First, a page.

Three newly revealed breaches affect over 20,000

Cross-posted from PHIprivacy.net:

The new HHS/OCR web site has added three more breach reports:

Montefiore Medical Center
State: New York
Approx. # of Individuals Affected: 625
Date of Breach: 2/20/10
Type of Breach: Theft
Location of Breached Information: Laptop

Private Practice
City and State: San Antonio, Texas
Approx. # of Individuals Affected: 21,000
Date of Breach: 2/20/10
Type of Breach: Theft
Location of Breached Information: Portable Electronic Device

Aspen Dental Care P.C.
State: Colorado
Approx. # of Individuals Affected: 2,500
Date of Breach: 10/04/09
Type of Breach: Theft
Location of Breached Information: Other

None of these breaches had been reported in the media, to my knowledge, so this is the first we are learning of these incidents. Unfortunately, because of the type of summary HHS/OCR has chosen to provide, we do not know if any SSN or financial information were also involved in the breaches.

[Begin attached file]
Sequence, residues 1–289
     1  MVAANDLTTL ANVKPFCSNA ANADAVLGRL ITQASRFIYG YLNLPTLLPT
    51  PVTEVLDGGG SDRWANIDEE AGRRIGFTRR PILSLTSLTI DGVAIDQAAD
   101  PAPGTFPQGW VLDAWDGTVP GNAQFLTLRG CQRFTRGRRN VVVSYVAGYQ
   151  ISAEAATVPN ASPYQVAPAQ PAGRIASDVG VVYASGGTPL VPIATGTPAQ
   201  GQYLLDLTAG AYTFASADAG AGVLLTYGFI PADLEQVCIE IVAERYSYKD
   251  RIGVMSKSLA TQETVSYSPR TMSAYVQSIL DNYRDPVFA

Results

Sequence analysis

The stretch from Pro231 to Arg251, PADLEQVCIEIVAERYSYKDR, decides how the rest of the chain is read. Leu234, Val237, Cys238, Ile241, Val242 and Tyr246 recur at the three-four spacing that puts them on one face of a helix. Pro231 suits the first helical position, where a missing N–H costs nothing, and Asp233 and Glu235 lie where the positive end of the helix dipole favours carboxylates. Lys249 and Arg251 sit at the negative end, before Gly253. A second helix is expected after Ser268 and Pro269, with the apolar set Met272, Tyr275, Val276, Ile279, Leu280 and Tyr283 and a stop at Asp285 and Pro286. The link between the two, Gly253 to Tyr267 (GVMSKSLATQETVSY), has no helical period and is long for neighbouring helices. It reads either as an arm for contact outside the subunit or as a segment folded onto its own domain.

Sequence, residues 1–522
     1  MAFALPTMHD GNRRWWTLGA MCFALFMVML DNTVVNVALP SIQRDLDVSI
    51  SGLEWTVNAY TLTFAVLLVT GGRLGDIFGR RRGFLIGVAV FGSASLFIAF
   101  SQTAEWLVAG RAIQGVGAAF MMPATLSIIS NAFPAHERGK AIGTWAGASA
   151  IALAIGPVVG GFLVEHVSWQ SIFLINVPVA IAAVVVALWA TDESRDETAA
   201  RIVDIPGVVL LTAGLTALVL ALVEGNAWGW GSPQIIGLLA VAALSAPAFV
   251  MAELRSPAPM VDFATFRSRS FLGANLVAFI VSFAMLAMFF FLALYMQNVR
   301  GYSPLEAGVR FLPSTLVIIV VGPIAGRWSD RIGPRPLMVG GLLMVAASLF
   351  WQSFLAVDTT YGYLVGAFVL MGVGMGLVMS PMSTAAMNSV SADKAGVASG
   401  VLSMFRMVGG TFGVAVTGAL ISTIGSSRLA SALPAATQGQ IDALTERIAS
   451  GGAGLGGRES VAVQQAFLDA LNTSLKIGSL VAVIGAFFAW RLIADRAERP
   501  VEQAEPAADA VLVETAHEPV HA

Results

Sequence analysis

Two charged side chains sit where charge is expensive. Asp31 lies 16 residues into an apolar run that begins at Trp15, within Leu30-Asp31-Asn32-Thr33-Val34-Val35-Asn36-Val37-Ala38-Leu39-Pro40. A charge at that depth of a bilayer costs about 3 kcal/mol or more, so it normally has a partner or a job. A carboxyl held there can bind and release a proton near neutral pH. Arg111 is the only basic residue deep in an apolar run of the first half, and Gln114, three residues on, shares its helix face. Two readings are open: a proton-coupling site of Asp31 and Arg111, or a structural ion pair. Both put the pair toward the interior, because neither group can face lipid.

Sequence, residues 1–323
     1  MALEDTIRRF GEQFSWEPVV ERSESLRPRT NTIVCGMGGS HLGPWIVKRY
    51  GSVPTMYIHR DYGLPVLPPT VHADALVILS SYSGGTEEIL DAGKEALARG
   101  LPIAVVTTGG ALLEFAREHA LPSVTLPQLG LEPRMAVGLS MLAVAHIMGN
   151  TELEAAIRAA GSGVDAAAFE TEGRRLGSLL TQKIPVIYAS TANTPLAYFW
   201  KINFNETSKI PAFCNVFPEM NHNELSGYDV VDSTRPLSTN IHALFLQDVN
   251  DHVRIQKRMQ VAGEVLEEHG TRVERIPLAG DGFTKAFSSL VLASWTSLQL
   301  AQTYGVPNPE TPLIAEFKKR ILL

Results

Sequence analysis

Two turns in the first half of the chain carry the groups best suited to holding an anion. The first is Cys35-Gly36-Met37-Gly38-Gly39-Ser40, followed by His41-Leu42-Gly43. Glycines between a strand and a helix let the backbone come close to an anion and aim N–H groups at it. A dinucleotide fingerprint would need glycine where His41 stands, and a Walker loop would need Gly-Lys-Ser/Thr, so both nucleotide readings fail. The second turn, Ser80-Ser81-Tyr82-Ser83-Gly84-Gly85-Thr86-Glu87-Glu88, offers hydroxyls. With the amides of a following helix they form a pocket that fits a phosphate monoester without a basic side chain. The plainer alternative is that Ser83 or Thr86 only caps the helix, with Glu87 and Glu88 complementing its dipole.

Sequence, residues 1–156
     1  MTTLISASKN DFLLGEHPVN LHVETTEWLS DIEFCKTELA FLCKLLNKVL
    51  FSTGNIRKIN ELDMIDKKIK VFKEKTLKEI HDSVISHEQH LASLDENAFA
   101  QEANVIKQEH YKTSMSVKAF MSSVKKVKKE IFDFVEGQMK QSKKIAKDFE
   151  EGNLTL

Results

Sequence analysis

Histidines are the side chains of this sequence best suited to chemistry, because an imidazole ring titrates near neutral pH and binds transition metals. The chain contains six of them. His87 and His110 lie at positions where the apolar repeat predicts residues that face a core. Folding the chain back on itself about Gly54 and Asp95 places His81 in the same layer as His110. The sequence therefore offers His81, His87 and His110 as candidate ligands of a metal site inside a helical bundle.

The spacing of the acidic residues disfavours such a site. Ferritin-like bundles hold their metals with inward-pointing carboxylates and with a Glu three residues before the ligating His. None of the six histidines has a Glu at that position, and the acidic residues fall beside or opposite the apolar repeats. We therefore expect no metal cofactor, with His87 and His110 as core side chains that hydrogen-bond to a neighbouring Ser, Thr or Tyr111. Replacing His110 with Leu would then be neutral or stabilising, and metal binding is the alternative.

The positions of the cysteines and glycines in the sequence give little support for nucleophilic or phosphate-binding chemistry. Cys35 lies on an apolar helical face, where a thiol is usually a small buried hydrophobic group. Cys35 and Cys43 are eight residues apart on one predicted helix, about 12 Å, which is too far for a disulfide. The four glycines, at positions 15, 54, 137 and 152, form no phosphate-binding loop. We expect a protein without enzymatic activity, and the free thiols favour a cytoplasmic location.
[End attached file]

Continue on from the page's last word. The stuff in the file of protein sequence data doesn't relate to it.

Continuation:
The second breach above highlights an issue I’ve raised on this blog before: private practitioners’ names are being shielded. Here you have a practitioner who has a device with unsecured protected health information on 21,000 patients stolen, and we are not told who that is. If you lived in San Antonio, wouldn’t you want to know whether a doctor you were considering using had left PHI unsecured?

As reported previously, OCR told me that they had no choice but to shield names because of the Privacy Act of 1974, but that still seems to clash with the clear intent of Congress. A private practitioner is a business entity, regardless of whether they use their SSN or a Tax ID and regardless of whether they incorporate or not. They should have the same exposure and accountability as all other HIPAA/HITECH-covered entities in this regard.

I put in a call to a member of Congress yesterday about this issue and will follow up.

About the author: Dissent